Foreign noodles tap into Korean market
By Kim Tae-gyu
White-broth instant noodles have made a dent in the domestic market long been dominated by spicy red-soup offerings, but their popularity has faded just as quickly as it appeared.
Foreign products seem to be picking up the slack as now everyone knows instant noodles, or ramyeon doesn’t have to have a red soup in order to be good.
The country’s discount chains said Thursday that imported ramyeon has been selling well of late. Previously they failed to gain popularity because they are not as spicy but consumers’ tastes have changed.
``Imported ramyeon from such nations as Japan, Vietnam and Malaysia came to town in 2008 to fight their way into supermarket but failed to fly off the shelves,’’ said an industry source who asked not to be named.
``Their sales slowly increased in the late 2000s but recently the pace has jumped. Some analysts say that the white-broth ramyeon introduced consumers to an alternative and now imports have replaced them.’’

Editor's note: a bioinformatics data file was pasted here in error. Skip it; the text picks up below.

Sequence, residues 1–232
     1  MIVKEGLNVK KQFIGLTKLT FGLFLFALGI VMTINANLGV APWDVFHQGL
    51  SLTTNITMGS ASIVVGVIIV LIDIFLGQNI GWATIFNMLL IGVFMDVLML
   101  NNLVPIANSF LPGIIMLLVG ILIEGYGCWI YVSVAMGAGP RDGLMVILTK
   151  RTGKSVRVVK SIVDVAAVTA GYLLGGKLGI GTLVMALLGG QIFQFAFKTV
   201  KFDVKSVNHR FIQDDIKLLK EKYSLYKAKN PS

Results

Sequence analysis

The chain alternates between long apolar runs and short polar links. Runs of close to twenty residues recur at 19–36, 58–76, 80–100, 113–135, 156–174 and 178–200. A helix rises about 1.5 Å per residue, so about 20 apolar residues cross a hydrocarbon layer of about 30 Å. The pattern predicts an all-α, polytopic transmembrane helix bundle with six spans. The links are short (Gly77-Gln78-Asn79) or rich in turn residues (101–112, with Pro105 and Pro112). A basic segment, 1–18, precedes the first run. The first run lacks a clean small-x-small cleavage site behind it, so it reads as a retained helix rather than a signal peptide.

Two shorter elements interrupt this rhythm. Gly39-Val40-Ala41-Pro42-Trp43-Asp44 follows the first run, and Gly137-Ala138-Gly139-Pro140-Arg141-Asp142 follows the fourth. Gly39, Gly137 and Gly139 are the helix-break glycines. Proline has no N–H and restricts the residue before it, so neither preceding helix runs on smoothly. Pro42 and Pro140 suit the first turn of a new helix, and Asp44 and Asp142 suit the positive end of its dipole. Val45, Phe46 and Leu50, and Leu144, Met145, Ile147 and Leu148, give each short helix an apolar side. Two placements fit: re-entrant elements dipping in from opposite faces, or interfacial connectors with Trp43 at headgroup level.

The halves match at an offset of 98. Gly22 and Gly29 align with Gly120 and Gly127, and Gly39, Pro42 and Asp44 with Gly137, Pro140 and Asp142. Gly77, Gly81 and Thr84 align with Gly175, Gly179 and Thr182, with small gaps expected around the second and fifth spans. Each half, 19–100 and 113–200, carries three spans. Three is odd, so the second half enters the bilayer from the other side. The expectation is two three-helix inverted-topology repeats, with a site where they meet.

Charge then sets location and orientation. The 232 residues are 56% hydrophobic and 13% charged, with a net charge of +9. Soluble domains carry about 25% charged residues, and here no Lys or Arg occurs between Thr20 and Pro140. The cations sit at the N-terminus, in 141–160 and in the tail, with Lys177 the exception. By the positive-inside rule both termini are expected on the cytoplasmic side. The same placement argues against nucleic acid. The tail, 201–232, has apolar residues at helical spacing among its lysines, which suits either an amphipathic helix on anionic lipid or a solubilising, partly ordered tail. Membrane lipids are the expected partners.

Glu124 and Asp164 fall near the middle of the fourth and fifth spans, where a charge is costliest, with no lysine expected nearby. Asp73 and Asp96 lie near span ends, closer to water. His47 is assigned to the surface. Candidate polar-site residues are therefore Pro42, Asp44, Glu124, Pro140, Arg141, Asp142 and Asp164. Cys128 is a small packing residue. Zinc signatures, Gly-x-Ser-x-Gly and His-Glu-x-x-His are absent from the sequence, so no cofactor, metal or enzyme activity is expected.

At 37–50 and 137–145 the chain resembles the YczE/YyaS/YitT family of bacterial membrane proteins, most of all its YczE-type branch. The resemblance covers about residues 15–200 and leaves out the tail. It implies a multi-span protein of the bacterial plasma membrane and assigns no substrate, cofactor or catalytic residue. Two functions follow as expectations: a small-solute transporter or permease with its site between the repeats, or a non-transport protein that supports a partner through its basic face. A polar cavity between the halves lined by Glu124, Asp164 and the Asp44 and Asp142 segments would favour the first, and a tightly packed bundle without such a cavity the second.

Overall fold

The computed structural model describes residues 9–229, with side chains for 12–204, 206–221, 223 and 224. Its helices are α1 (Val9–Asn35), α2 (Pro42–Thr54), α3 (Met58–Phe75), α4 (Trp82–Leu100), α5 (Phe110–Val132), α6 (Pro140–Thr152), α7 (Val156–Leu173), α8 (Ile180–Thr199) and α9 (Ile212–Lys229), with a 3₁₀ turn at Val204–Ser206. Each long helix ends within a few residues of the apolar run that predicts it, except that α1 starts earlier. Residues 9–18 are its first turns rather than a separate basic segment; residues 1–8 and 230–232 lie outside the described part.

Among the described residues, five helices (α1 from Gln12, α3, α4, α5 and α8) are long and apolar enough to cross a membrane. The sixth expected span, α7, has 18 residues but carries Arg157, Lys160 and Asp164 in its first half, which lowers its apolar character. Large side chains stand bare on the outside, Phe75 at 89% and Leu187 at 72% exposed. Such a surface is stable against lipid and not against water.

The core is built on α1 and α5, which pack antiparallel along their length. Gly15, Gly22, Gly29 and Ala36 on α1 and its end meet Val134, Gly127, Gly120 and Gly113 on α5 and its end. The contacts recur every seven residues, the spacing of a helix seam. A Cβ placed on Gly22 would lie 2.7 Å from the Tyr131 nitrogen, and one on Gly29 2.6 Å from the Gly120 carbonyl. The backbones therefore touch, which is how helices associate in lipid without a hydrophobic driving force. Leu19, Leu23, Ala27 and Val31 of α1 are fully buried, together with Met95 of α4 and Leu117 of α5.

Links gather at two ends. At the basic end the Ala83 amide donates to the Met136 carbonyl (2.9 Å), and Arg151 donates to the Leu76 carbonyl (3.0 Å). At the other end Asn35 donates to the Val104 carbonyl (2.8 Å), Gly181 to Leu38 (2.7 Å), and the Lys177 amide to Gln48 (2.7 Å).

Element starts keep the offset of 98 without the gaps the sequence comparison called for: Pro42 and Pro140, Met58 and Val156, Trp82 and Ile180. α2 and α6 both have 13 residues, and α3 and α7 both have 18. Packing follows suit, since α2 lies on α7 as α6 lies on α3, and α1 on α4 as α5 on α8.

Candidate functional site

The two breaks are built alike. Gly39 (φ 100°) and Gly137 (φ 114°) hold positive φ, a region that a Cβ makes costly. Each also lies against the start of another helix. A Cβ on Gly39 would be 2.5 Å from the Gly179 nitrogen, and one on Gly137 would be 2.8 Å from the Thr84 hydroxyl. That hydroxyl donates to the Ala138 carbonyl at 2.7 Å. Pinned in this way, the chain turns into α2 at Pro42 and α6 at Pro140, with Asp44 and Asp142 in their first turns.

E-Mart, the market leader in the discount chain industry, said that the sales of imported ramyeon have rocketed by a double-digit rate this year compared to a year before.
No. 3 player Lotte Mart has a similar analysis.
``During the past few years, more and more shoppers are picking imported ramyeon. In order to meet the new demand, we opted to market more brands from overseas,’’ a Lotte Mark official said.
Currently, Lotte Mart sells a total of nine types of imported ramyeon and they have price competitiveness at around 1,000 won although very expensive ones are also on the shelf with price tags of more than 5,000 won, according to the official.
After ramyeon became available here in the early 1960s, red-broth products ruled the market and Nongshim wore the crown as the runaway leader over the past quarter century thanks to Shin ramyeon, which means very spicy. Midway through 2011 its supremacy was shaken by Kokomen, a ramyeon with a white broth by Paldo.
Similar products have been rolled out by Paldo’s competitors so that the new ramyeon variety combined to carve out up to 17.1 percent of demand last December.
Since then their market share has dipped to 15.1 percent in January and slumped to 7.9 percent in April. It might be a seasonal thing.